What do they usually ask for in return?
Different things: some ask for money, others for a lift from the airport or train station. Chocolate is enough for some. My mum, for example, took some medication to Thailand for a girl who fell off her moped. In exchange, her boyfriend took my mum on an interesting sightseeing tour. That was cool.
That's how we got our blue tea. Its price was slightly higher than expected, but that doesn't bother us. We only later found out that blue tea is herbal infusion made from the leaves of Thai orchids. In South-East Asia, it is also used as a natural dye. Which isn't surprising – the drink is actually bright blue and smells of raw potatoes. No one dared to try it during the few days it was in the office.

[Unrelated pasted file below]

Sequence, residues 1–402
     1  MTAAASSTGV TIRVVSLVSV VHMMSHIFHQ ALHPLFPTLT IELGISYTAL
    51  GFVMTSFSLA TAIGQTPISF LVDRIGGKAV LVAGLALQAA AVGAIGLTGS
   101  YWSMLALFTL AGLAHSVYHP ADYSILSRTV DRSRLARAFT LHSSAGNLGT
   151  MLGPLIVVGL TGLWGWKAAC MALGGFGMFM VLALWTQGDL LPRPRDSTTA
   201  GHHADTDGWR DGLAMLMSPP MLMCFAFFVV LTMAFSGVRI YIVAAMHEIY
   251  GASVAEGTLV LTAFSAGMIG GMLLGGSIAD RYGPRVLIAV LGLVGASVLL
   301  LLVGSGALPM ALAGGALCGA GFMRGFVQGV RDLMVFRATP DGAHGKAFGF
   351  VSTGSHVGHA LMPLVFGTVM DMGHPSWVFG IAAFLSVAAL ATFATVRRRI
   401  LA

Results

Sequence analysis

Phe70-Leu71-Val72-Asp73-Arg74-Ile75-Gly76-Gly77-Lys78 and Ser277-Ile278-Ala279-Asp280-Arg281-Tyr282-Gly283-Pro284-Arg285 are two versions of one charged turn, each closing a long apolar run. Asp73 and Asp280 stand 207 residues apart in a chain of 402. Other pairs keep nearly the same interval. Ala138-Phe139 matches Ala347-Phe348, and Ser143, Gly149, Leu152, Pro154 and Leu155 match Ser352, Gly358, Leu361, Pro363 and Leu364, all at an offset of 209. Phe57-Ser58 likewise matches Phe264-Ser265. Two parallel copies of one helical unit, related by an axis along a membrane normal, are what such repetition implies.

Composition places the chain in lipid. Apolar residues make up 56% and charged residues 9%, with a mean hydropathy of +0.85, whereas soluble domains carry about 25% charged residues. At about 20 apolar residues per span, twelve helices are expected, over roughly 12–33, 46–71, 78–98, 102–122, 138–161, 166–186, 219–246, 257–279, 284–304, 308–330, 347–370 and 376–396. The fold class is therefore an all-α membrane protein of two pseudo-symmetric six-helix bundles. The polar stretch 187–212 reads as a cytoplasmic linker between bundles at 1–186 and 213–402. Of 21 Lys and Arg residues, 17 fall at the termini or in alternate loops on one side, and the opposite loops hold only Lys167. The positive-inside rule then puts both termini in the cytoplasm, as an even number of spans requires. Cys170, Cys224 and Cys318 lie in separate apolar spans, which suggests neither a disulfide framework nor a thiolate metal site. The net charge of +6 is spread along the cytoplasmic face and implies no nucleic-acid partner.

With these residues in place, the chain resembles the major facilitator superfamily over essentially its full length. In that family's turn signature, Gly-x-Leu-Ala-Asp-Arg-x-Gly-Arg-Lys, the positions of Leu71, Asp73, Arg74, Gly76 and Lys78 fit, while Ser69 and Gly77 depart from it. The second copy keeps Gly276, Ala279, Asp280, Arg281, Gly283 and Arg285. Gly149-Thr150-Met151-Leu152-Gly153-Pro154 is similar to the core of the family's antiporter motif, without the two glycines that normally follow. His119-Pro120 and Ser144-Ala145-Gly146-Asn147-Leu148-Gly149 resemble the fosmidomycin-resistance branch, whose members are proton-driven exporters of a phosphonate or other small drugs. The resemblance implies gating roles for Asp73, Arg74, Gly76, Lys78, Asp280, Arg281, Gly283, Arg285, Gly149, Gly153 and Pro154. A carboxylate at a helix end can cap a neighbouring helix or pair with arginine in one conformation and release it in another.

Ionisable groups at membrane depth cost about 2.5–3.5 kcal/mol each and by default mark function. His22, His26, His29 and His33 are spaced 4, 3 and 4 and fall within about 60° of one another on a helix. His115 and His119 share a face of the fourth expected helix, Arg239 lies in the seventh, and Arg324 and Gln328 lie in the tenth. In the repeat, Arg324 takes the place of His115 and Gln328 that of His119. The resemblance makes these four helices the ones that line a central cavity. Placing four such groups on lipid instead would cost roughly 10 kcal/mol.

Finns are the biggest coffee drinkers in the world
In our view, the test drive was a success – we got some tea. Despite the fact that we initially wanted mango.
Of course, it's cool to get some blue tea in Siberia, but after seeing the reviews and routes on the site, I really feel like travelling myself. Did you expect that?
We're very fond of travelling ourselves, it's addictive. If you don't get away from Novosibirsk every three months, you feel sad and lonely. You need a change of scenery, even if only the neighbouring Altai Mountains. That's what usually happens – once a person has placed an order, they come back and post their routes.
What nicer – giving or getting gifts?
Getting is probably more enjoyable, because it means you couldn't get hold of something – and now it's here.
For travellers, it adds a bit of extreme to their trips and some extra meaning: you do a good deed and get to meet new people.
What do you get from your work?
Nothing but pleasure. It's really nice when those who make it work leave rave reviews like: "Guys, what you're doing is so cool!" And it really works in the majority of cases.